Share issue costs include costs associated with preparing, printing and filing the relevant documentation and marketing the share issue.Accounting for share issue costs is covered in paragraph 37 of International Accounting Standards (IAS) No. 32, Financial Instruments: Presentation:An entity typically incurs various costs in issuing or acquiring its own equity instruments. Those costs might include registration and other regulatory fees, amount paid to legal, accounting and other professional advisers, printing costs and stamp duties. The transaction costs of an equity transaction are accounted for as a deduction from equity (net of any related income tax benefit) to the extent they are incremental costs directly attributable to the equity transaction that otherwise would have been avoided. The costs of an equity transaction that is abandoned are recognized as an expense.
Share Issuance for CashMost share issues are for cash since the primary reason for issuing shares is to raise capital for a corporations operating activities.With par value:Issuing share capital at par:Ex.: Narsan Holdings is authorized to issue P1,000,000 ordinary shares divided into 10,000 shares, with a par value of P100 per share. The diversified company issued on cash basis 2,000 shares at par. The issuance entry will be:Cash200,000Ordinary Shares200,000The amount of P200,000 invested in the corporation is called paid-in capital or contributed capital. The credit to Ordinary Shares increases the share capital of the corporation.
Issuing share capital above par:Ex.: Suppose the 2,000 shares were sold at P150 per share, the entry follows:Cash300,000Ordinary Shares200,000Share Premium100,000This sale of shares increases the corporations contributed capital by P300,000. When the shares with par value are sold, the proceeds should be credited to the Ordinary Shares account to the extent of the par value in this case, P200,000; with any excess to be reflected in the Share Premium account. The excess of P100,000 is not a gain. The company can neither earn a profit nor incur a loss when it issues shares to or acquires shares from its shareholders.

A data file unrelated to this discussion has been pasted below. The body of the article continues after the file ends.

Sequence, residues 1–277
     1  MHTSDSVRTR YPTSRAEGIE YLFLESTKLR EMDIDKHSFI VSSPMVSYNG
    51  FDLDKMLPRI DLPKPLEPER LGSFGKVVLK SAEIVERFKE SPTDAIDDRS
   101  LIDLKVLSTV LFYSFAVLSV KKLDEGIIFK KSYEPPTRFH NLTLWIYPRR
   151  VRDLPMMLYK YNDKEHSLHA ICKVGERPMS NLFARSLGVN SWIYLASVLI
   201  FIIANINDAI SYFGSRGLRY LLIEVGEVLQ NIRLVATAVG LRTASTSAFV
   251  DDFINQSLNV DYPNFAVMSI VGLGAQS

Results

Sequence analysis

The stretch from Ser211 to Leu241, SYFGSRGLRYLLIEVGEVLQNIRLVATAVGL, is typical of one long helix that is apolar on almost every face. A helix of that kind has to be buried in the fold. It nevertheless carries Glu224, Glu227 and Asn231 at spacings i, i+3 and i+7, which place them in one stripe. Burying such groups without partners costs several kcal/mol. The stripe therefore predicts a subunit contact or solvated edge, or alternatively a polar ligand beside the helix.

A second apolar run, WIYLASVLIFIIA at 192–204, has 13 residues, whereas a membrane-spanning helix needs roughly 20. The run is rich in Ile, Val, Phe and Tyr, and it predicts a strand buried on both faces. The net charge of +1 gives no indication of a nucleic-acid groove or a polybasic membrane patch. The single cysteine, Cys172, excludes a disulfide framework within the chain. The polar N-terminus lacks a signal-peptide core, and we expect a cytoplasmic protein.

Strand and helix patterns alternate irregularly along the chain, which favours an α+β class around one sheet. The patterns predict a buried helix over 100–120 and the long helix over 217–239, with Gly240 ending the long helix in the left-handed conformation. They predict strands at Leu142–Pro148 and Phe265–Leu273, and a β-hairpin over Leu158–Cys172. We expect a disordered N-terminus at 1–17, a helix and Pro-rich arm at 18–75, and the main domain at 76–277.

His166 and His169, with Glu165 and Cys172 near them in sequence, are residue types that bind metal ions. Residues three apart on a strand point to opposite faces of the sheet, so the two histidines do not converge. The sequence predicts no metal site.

Without par value:Issuing no-par share capital:Ex.: Morning Star Travel is a domestic corporation engaged in the business of organizing tour packages for Asian and European visitors to the Philippines. The company which is located at J. Bocobo St., Manila, has two classes of shares preference shares and no-par ordinary shares. 5,000 ordinary shares were issued for P85,000. The entry to record the issue of these no-par shares will be:Cash85,000Ordinary Shares85,000When shares without par value are sold, the proceeds should be credited to the Ordinary Shares account. Accounting for issuance of preference shares is basically the same as that of ordinary shares. Section 6 of the Corporation Code prohibits the issue of no-par value preference shares.
Issuing no-par share capital with stated value:Ex.: Suppose that Morning Star Travels no-par ordinary shares have a stated value of P20. The company issued 5,000 shares at P25 per share. The entry will be:Cash125,000Ordinary Shares125,000When shares without par value are sold, the proceeds should be credited to the Ordinary Shares account. If the no-par stock has a stated value, the excess proceeds over stated value in this case, P5 per share, may alternatively be credited to share premium.Cash125,000Ordinary Shares100,000Share Premium 25,000
Subscription of SharesThe subs